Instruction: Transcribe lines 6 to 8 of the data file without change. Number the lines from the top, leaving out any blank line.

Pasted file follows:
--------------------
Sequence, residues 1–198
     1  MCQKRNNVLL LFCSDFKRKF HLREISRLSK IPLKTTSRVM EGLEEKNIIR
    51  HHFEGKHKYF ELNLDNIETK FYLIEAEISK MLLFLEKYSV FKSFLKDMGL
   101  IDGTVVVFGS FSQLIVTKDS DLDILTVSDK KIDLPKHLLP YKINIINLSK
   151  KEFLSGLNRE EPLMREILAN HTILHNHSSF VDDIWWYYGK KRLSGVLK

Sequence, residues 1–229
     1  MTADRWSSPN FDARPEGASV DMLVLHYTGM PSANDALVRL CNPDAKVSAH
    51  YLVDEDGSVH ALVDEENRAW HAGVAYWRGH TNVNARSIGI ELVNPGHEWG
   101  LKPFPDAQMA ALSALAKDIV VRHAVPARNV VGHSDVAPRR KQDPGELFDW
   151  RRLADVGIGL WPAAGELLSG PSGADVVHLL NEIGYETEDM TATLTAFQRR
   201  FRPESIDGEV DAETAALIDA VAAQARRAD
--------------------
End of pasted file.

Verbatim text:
Sequence, residues 1–229
     1  MTADRWSSPN FDARPEGASV DMLVLHYTGM PSANDALVRL CNPDAKVSAH
    51  YLVDEDGSVH ALVDEENRAW HAGVAYWRGH TNVNARSIGI ELVNPGHEWG